Confession: I first came across Peter Jordan’s writing a few years ago and became an instant fan. I have been eagerly awaiting his debut short story collection, Calls to Distant Places (Kingston University Press). Peter’s prose is pin sharp and uncluttered – it’s no surprise he’s a fan of Raymond Carver – and his use of imagery creates unforgettable scenes with filmic qualities. The quality of the writing is evident right from the first page. ‘In Magazines’ (originally published on the Word Factory blog) gives us a powerful snapshot of the moment when a war photographer meets a dying young man in Afghanistan: ‘I needed something I could sell. Something human.’
The collection includes a satisfying mix of longer short stories, rich with layers, and punchy flash fictions. The stories vary in tone and subject, the settings spanning the globe from New Mexico to the Middle East and Donegal. And while this is quite consciously not a themed collection, there are recurring ideas: the impact of war on the human mind, the vulnerability of addiction, the way people act when stretched to their very limits. These are stories that dig deep, and as such, they read as authentic experiences.
‘Luna’, set in the confines of a captive orca’s pool, is a brilliantly tense story about the relationship between Luna and her trainer, whose trust in his ‘star attraction’ is tested during a routine exercise. We discover that Luna bears a grudge after the loss of her child: ‘Seated there on the bottom of the pool, he looked into her eye. She refused to return his gaze.’ This story was awarded second place in the prestigious Fish Short Story Prize. ‘Gutshot’ – a personal favourite, first published in FlashBack Fiction – is a story about a Civil War soldier’s encounter with a white buffalo; the word count may be small but it’s a piece that resonates well beyond the page.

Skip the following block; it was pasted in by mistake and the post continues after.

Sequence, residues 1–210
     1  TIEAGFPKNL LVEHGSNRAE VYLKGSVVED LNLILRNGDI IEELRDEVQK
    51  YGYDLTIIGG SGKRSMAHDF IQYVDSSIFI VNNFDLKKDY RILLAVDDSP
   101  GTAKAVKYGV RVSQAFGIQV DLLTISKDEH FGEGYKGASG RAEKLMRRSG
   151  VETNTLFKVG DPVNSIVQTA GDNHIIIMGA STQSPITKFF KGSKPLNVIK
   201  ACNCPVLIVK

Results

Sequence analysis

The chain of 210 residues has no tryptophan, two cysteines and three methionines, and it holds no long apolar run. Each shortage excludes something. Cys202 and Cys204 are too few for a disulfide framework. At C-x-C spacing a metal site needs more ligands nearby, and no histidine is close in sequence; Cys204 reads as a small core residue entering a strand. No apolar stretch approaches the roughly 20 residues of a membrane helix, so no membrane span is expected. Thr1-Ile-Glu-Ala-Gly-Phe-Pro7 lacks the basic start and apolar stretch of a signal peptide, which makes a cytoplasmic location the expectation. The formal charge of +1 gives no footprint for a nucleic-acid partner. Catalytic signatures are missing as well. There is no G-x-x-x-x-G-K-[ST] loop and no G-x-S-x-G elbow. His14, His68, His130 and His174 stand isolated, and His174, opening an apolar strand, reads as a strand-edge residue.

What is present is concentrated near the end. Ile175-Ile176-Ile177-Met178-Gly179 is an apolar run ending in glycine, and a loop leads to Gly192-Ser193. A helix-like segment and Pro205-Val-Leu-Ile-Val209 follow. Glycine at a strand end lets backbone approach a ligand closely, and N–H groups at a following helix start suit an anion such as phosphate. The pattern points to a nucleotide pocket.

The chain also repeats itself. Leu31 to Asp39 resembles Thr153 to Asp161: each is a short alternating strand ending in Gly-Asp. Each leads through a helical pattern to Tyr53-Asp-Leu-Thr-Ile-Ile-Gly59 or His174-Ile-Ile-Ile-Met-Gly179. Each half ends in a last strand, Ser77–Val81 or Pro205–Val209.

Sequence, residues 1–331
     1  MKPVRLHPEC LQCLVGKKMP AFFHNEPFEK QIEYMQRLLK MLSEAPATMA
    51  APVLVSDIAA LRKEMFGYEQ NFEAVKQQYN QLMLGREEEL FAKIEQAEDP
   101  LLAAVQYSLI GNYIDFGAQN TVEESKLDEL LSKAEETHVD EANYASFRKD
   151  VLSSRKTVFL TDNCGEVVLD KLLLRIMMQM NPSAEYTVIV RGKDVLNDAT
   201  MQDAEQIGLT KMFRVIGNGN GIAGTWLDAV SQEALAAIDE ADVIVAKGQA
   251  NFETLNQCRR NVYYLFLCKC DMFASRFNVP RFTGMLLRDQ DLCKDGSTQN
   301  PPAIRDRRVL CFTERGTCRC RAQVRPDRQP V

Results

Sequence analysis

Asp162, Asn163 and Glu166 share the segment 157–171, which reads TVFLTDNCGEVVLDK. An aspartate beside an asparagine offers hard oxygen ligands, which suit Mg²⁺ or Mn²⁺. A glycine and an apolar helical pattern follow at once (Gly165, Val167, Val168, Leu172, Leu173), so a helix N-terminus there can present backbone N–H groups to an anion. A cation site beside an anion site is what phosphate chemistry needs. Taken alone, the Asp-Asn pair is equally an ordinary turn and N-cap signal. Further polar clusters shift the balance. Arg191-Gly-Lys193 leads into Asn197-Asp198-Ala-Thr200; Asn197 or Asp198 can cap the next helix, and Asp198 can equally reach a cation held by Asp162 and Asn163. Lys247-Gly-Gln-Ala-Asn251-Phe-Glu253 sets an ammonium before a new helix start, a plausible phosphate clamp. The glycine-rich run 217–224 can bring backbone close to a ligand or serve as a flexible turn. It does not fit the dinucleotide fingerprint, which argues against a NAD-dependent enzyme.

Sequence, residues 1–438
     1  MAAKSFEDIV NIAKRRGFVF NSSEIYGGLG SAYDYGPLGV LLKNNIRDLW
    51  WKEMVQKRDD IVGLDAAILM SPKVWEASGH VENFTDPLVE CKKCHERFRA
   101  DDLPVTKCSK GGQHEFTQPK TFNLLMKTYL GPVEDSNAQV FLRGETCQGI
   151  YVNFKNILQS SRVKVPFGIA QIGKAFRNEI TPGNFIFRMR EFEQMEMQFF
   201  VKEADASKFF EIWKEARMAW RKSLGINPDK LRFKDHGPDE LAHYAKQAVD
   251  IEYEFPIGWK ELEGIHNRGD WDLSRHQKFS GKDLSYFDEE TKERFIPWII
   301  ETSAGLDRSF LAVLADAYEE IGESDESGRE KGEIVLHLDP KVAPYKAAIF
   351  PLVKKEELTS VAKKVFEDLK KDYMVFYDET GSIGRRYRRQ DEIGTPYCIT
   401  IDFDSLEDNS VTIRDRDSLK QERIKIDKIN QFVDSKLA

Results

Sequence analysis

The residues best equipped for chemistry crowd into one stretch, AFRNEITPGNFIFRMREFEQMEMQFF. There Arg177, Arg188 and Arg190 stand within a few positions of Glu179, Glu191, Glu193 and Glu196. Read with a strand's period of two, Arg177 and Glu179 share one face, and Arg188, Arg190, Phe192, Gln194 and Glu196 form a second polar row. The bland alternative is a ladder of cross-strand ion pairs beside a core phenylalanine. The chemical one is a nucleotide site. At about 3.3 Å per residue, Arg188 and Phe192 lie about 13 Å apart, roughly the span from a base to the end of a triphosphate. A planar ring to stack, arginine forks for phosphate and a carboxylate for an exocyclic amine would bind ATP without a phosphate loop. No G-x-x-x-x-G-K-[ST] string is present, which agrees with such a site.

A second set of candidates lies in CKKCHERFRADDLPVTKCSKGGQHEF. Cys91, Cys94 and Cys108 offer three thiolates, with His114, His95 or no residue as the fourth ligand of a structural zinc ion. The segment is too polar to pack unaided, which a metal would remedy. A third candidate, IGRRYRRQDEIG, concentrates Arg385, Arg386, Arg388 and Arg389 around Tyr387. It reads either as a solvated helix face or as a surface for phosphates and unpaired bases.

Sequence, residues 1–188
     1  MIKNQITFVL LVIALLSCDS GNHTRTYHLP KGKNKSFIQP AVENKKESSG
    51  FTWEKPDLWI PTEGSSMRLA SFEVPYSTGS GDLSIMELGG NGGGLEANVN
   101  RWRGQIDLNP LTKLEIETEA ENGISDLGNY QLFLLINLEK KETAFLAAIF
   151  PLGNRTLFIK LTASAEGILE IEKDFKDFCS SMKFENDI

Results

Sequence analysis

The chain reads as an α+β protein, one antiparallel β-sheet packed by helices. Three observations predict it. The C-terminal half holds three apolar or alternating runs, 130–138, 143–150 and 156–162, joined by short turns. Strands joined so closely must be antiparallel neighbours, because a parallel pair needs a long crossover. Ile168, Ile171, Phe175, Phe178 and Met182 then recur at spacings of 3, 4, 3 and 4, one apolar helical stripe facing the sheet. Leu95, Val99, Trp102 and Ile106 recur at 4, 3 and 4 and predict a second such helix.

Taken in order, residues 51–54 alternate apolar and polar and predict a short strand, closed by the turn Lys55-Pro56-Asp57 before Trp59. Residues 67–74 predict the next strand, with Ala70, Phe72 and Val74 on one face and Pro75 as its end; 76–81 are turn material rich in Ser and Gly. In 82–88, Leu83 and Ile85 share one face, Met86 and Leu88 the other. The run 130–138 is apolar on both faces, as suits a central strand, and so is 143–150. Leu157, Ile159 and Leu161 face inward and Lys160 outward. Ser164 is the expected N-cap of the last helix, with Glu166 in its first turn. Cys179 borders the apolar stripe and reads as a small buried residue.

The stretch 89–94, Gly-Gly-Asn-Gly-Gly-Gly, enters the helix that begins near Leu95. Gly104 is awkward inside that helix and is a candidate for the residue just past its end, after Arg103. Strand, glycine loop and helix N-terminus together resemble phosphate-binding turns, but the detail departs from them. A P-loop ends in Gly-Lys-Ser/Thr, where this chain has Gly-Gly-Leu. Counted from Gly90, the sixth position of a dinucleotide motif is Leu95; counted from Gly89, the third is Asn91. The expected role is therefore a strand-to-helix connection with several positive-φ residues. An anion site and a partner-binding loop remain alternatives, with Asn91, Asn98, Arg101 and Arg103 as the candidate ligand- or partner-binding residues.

Other highlights of the collection include ‘Untouchable’, which is mesmerising – apt, really, for the tale of a Dalit snake catcher, called in to help a grieving couple whose only son has been killed by a king cobra. ‘The Vallon Man’ explores the impact of PTSD on a wounded army sergeant with a score to settle – the ending, though I don’t want to give away too much, is quietly devastating. In fact, many of these stories take the reader to uncomfortable places, right into the thick of the action.
There is also humour to be found. ‘Plastic Jesus’ follows the story of unlikely travel partners Floors and Crow and is told with a light touch. ‘Latin, Olde English, Celtic and horseshit’ is a wryly funny story about a Donegal community’s response to an unexpected arrival: ‘When the crowd arrived at the bar, everyone wanted a drink; even members of the local Alcoholics Anonymous group.
We’ll build a museum.
You mean a zoo?
A theme park.
Ten euros entrance.
I also loved the moving ‘There’s No Place Like Home’, with its Wizard of Oz references and war-damaged protagonist. It’s the last story in the collection, and the ending provides the perfect final bow.
Calls To Distant Places is a book to read and re-read, by a skilled short story craftsman. You may need to scrape your heart off the floor by the end – but take it from me, it’ll be worth it.
Emily Devane, a teacher and writer, lives in Ilkley, West Yorkshire. Her stories have been published widely, most recently in Ellipsis and The National Flash Fiction Day Anthology. Emily won the Bath Flash Fiction Award in 2017 and was a Best Small Fictions Finalist. A former Word Factory apprentice, she last year won a Northern Writers’ Award for her short story collection-in-progress. Emily is on the editorial team for historical flash fiction literary magazine FlashBack Fiction.